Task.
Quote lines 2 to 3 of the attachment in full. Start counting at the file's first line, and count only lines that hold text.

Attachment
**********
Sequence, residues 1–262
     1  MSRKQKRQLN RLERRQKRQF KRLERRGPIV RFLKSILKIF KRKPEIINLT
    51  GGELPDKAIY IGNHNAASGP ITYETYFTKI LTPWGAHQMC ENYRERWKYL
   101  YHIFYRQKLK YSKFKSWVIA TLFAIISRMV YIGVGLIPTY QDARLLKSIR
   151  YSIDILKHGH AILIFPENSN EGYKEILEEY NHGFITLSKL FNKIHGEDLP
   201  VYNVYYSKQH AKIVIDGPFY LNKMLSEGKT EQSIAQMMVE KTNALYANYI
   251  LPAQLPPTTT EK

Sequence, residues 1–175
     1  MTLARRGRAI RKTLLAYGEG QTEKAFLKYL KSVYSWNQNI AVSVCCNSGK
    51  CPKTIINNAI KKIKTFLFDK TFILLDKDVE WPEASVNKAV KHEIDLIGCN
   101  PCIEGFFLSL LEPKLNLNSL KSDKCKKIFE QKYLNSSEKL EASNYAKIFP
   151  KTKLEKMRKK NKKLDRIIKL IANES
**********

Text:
     1  MSRKQKRQLN RLERRQKRQF KRLERRGPIV RFLKSILKIF KRKPEIINLT
    51  GGELPDKAIY IGNHNAASGP ITYETYFTKI LTPWGAHQMC ENYRERWKYL